By Stephen W. Earnhart, RN, CRNA, MA

CEO, Earnhart & Associates, Austin, TX

So much of what we do at our hospital or surgery center can seem overwhelming, making it difficult to keep track of all the details. However, it is important to remember that we are in a service industry that thrives on relationships. Our primary target relationship is our surgeons. Next, our patients, followed equally by patients’ friends and family and our own staff.

It is easy to forget who we serve, but it is always important to be reminded. While we often (perhaps subconsciously, anyway) think of ourselves as a higher service provider, we really share the same retail markets as a Walmart or McDonald’s. Consider that retail business is defined as the activity of selling goods or services directly to consumers or end users. This might be a rude awakening, but it is shockingly true.

What do other service industries provide to their consumers? Probably more than what most of us provide. The greatest benefits might be job security, full-time employment, retirement plans, and full benefits that make it tough for many facilities to compete. Typically, our education and training requirements are higher; ergo, higher pay. But our hours are not all that attractive for most. We might get an employee discount, but it involves surgery. Like most things in life, it is the little things that make a difference to all of us in healthcare and retail.

Over the years, I have made a list of things I have done, heard of, seen others do, thought of, or dreamed of. I am sure you could add other items to the list below. The following are gestures that really can enhance and promote great customer service and will set you apart from others. These suggestions are of a personal and not business nature; however, you are a part of the business with which you work and it will, at the same time, promote a better image of your facility.

For me, this is the oldest I have ever been; yet, it is the youngest I will ever be. I am going to try to make every day count and try to follow as many of these “little things” as I can:

  • Smile to everyone you make eye contact with;
  • Remember birthdays and special events for those close to you;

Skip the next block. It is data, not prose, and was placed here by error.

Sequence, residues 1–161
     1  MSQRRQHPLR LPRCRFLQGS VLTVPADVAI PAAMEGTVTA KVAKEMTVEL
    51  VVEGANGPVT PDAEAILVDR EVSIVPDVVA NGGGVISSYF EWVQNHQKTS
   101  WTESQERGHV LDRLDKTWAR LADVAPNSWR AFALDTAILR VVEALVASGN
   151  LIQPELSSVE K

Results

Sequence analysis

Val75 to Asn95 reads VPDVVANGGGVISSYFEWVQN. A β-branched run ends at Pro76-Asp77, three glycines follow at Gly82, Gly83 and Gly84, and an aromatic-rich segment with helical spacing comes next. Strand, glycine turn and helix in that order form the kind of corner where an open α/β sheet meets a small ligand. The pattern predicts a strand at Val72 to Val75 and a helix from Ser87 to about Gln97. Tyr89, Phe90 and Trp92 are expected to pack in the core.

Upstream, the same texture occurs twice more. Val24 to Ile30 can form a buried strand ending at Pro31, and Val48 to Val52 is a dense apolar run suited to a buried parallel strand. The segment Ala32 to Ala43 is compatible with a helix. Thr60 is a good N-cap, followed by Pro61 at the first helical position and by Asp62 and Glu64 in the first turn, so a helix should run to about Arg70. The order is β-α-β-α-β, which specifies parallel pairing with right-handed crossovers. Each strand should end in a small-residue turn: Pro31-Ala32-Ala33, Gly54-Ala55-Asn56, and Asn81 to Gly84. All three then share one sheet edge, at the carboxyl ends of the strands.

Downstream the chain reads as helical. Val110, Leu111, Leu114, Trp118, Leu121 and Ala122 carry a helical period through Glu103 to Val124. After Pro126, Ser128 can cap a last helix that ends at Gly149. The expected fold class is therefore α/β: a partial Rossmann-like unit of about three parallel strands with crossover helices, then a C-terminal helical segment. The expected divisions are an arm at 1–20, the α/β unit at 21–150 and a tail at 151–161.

• Acknowledge feedback from others, good or bad;
  • Hold eye contact for an extra second or two — you will feel the bond;
  • Say “thank you,” followed by the person’s first name when possible;
  • If you shake hands with someone, place your other hand on top of theirs for just a second;
  • “Please” remains the best way to start or end a request;
  • Only offer constructive criticism and only if really necessary;
  • Show respect to everyone;
  • Be extra helpful to older patients. Many are hard of hearing, will hide it, and be overwhelmed because they did not understand what you said;
  • Remember that our facilities are scary to patients — most patients think they are going to die. A simple touch of your hand and telling them it will be fine is human compassion;
  • Listen when someone is speaking to you — do not rush them unless it is absolutely necessary;
  • Ask someone something — nothing makes us feel special when someone asks our opinion;
  • Find something to compliment — a jacket, or watch, or anything;
  • Train your staff properly so they understand everything about your center and can respond to any question;
  • Never say “no” to a staff member, surgeon, patient, or anyone — there are many other ways to respond;
  • As always, follow the Golden Rule — do unto others, as you would have others do unto you.

(Earnhart & Associates is a consulting firm specializing in all aspects of outpatient surgery development and management. Earnhart & Associates can be reached at 5114 Balcones Woods Drive, Suite 307-203, Austin, TX 78759. Phone: (512) 297-7575. Fax: (512) 233-2979. Email: Web: